MEDIATING INFLUENCES: HEREDITY, AGE, GENDER
We realize that people differ in intellectual ability, and many would agree that some aspects of intelligence are inherited. However, opinions differ as to the relative contributions made by our genetic inheritance (heredity) and environment (i.e., what happens to the individual during the course of development). The environmental conditions likely to determine how an individual’s intellectual potential will develop include nutrition, health, quality of stimulation, emotional climate of the home, and appropriate rewards for accomplishments (Bayley, 1970). Inevitably, one feels forced to take a pragmatic position on this issue. For example, heredity and environment interact. Heredity sets the scene in terms of specifying the possible limits of achievements for any person in a given situation, but the environment determines how near to these limits of achievement any individual will move in any given situation (Plowin, 2001). The debate over genetic factors in intelligence raises the possibility of inherited racial differences in intelligence – in particular the question of whether black people are innately less intelligent than white people. Black Americans as a group score 10–15 points

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INTELLIGENCE AND PSYCHOLOGICAL TESTING Panel 3.1 Nature versus nurture
In 1980 researchers in Dunedin, New Zealand gave 1000 3-year olds a series of psychological tests. Caspi, Harrington, Milne, Amell, Theodore, and Moffitt (2003) reassessed these individuals, now aged 26. By and large the children who behaved badly in the original tests were still experiencing problems as adults. For instance, the most irritable and emotionally unstable 3-year olds – classified as under-controlled – tended to be the least adjusted by the age of 26. They were tense, easily upset, antagonistic, and prone to antisocial behaviour. By contrast, the 3-year olds rated as “confident” or “well-adjusted” appeared to be doing well as young adults. This dramatic discovery demonstrated how little the main personality traits had changed. From this one might conclude that crude genetic determinism (nature) may be highly influential. However, the emerging wisdom is that many bits of genetic material interact in complex ways with a diversified environment to influence intelligence and behaviour. Ridley (2003) maintains that nature and nurture always interact with each other, and that we need to think of our nature as emerging via nurture, rather than predetermined by a genetic blueprint. He cites evidence in support of genes as a dominant force – for example, identical twins separated at birth and brought up in different environments tend to show similar character traits – but equally children’s sensitivity to their environment (e.g., upbringing, school, extra-curricular pursuits) appears to vary depending on the precise genetic make-up. In a keynote address to the recent BPS Division of Occupational Psychology 2011 Annual Conference, Prof Time Judge, University of Notre Dame, emphasized the dominant influence of genetic inheritance over environmental factors and concluded that we should accept people more for who they are and think a little less about changing them through interventions based on occupational psychology. Given the prominence of nature as an influential factor he feels that selection techniques should be developed to detect a better fit between the candidate and the organizaional role.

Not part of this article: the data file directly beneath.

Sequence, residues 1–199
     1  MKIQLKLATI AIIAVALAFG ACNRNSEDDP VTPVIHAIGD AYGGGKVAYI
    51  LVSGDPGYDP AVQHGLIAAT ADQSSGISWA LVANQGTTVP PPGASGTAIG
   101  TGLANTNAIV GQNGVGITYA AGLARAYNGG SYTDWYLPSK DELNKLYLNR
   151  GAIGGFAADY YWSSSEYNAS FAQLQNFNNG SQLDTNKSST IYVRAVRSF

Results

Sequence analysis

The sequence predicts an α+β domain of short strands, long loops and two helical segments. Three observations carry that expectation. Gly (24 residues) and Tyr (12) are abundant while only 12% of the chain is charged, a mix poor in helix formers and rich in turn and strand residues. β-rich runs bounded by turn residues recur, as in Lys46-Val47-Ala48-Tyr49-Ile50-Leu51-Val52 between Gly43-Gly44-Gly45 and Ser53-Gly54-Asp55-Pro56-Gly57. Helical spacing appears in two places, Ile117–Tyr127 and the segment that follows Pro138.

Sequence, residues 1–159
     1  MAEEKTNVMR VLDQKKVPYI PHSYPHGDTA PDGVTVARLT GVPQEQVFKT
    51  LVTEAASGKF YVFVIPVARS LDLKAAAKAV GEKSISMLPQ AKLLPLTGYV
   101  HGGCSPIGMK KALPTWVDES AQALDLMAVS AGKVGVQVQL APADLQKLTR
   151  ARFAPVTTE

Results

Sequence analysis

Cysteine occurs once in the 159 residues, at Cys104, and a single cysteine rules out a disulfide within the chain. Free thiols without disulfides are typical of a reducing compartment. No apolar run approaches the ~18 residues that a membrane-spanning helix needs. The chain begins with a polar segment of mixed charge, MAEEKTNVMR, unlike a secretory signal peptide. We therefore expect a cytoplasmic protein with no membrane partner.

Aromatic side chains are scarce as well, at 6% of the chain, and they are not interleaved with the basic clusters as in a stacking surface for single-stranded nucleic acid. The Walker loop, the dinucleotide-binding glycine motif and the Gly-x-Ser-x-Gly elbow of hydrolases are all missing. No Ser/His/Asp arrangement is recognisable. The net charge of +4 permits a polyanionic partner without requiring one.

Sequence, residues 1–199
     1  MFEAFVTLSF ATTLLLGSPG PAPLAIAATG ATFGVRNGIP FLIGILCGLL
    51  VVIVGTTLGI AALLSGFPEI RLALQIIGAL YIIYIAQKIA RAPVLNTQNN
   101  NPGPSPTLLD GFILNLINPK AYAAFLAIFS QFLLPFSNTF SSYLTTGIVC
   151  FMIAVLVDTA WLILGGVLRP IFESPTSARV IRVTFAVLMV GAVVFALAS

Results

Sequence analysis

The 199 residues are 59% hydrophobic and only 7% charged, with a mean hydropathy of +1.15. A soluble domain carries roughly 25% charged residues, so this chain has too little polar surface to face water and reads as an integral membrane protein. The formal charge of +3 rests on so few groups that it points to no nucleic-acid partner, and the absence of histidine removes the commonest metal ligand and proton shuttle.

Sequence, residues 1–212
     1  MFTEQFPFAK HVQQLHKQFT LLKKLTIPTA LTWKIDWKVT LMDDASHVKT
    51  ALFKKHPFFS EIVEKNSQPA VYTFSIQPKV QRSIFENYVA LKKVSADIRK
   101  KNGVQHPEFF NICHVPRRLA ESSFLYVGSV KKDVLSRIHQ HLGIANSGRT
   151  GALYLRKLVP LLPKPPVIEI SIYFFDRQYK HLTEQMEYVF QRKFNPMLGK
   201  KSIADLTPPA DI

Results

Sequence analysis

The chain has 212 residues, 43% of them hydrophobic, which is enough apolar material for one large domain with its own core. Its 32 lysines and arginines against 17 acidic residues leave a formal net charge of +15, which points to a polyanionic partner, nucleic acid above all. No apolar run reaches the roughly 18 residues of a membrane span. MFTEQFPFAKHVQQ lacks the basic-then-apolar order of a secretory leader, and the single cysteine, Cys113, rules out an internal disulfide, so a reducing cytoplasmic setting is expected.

( Judge, 2011; Prowse, 2003)

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to the Flynn effect by Sundet, Barlaug, and Torjussen (2004). In a study of trends in intelligence among Norwegian conscripts over half a century, they concluded that there was no general increase in IQ since the mid-1990s. A person’s performance on a test could also be influenced by temporary states: for example, the person is affected by illness, is demotivated for some reason, or is going through an emotional upheaval. In addition, intelligence tests tend to measure different things at different ages. For example, test items that require young children to stack blocks and identify parts of the body are quite different from items that are highly verbal, abstract, and mathematical, found in tests for older children and adults. The impact of age on test performance is important (Botwinick, 1984). A decline in

performance over time can be attributable to a number of factors. There may be a general deterioration of health, or growing deficiencies of hearing and eyesight. Also, as people grow older they may become more cautious and fearful of making mistakes, and this may undermine their test performance. It is said that giving extra time to older people to do the test, or allowing them more time to familiarize themselves with the test procedures, will often lead to higher scores (Phares & Chaplin, 1997). In the final analysis, it would be wise to distinguish between those with a defective mental capacity because of an agerelated infirmity and those who are not disadvantaged in that way. The question of gender also ought to be raised. This was suggested by Furnham (2000) when he stated that: